With summer just around the corner, bicyclists are getting excited to try out the new bike-share systems being installed in many cities across the nation. After initial delays, New York City's bike-share program is set to open by the end of the month, and San Francisco, Seattle, and Hoboken have similar plans of their own on the horizon. San Francisco: SPUR reports that the Bay Area Air Quality Management District signed a contract with Alta Bike Share to spin the wheels on a bike-sharing program for San Francisco. Alta Bike Share runs similar bike programs in Washington, D.C. and Boston and will be the operator of new programs in New York and Chicago this year. San Francisco plans a two-year pilot program consisting of 700 bikes in 70 locations that will launch this summer throughout the San Jose to San Francisco region. Last year the San Francisco Bicycle Coalition set a goal of 20 percent of trips in the city on bike by 2020 and now, after several delays, the plan will be the first regional program in the country. Seattle: Considering Seattle’s distinctive challenges of hills and mandatory helmets, Alta Bicycle Share has devised a plan for the city’s bike-share program that includes seven-speed bikes rather than the standard three-speed ones, reported BikePortland. The Portland-based Alta, adding to their bike share empire across the country, will also employ an integrated helmet vending system to accommodate the city’s mandatory helmet law. The city’s bike-share program will consist of 500 bikes distributed throughout 50 stations. The program will launch by the start of 2014 and continue to develop throughout the Puget Sound region. Hoboken: The City of Hoboken, in partner with E3Think, Bike And Roll, and Social Bicycles, across the Hudson from Manhattan, is also getting into the bike share game with a system radically different from most other cities: the “hybrid” bike-share plan. The six-month pilot program employs traditional bike rentals, but users reserve bikes online and, unlike the majority of existing bike-share systems that depend on “Smart-Dock” bike racks for storage, Hoboken's program utilizes a “Smart-Lock” method. The city hopes this approach will be more affordable and permit further development of the system. Bicycle repair stations, more bike lanes, and additional bike racks have bolstered the city’s campaign to become more bike-friendly.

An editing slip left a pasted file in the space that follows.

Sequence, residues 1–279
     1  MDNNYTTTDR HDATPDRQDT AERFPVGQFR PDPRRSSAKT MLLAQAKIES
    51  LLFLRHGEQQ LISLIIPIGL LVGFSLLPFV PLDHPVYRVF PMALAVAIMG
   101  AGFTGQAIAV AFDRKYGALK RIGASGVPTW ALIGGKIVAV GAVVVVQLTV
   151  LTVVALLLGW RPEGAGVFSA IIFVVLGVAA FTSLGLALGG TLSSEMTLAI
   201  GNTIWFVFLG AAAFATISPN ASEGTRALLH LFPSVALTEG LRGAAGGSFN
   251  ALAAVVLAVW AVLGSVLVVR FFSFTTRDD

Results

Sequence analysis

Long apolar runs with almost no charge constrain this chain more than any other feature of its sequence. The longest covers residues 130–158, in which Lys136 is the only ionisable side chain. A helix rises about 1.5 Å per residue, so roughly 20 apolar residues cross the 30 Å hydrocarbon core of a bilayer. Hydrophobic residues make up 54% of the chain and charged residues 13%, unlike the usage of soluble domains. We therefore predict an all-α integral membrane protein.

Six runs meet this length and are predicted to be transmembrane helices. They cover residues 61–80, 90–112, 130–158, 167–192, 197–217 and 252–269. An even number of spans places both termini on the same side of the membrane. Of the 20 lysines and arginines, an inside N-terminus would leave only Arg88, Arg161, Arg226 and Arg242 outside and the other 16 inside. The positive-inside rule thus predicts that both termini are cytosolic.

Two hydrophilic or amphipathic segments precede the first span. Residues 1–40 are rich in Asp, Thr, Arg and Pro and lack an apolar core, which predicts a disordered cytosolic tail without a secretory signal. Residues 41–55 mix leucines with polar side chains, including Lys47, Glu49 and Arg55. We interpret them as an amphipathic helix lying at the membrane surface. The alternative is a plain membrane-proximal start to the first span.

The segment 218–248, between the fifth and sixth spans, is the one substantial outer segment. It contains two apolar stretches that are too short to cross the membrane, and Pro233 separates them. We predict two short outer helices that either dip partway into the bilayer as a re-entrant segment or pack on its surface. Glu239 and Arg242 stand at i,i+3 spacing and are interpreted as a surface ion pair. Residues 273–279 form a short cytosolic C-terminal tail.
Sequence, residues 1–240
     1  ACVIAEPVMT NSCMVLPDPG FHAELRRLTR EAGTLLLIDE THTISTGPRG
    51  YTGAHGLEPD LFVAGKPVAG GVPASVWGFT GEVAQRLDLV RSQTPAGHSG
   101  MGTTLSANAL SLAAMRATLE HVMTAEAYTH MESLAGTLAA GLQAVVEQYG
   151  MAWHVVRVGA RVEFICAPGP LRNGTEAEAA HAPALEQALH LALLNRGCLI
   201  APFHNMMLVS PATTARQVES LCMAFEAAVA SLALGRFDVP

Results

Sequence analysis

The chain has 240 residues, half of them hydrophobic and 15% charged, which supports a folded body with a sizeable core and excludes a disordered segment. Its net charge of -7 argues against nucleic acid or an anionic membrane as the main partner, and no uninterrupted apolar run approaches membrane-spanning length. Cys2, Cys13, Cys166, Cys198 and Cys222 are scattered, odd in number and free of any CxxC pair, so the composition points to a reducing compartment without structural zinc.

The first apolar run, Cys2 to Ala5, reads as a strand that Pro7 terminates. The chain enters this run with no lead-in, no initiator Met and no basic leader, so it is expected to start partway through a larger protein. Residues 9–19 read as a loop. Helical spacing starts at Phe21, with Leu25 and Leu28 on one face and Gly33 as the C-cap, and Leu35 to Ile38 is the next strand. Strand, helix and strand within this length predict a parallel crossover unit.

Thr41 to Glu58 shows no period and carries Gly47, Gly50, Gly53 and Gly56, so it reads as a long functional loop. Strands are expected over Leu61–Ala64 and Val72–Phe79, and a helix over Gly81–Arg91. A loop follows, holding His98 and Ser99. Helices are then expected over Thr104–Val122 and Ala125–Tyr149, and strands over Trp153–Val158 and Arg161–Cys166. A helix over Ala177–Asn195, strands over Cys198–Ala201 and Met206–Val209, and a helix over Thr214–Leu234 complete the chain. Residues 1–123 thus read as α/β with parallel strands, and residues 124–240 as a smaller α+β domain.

Mayor Michael Bloomberg announced this morning on his morning radio show that New York City's forthcoming CitiBike bike-share program—already mired with delays caused by software problems—would be further delayed until at least next spring, confirming rumors that the system's bugs weren't being worked out quickly enough. On his radio show, the mayor delivered the bad news, "The software doesn't work, duh." He maintained that, "we are not going to put out the system until it works." The highly anticipated program is set to become the largest is North America when it opens and was a signature piece of the mayor's bike infrastructure plan for the city. Software problems have been a reoccurring problem for recent systems operated by Portland, Oregon-based Alta Bicycle Share. Earlier this month, officials announced that Chicago's bike share system, expected to be second only to New York's in North America, was delayed until 2013 and a recently-launched 300-bike system in Chattanooga, TN has also been experiencing computer glitches. New York's system was originally to be rolled out in July, but, for now, the bike-share stations remain in storage at the Brooklyn Navy Yard where they were assembled. Following the mayor's comments, the NYC Department of Transportation released a timeline outlining the updated schedule for the system, calling for 7,000 of the 10,000 bikes and 420 stations to hit selected streets in Manhattan and western Brooklyn by March of 2013.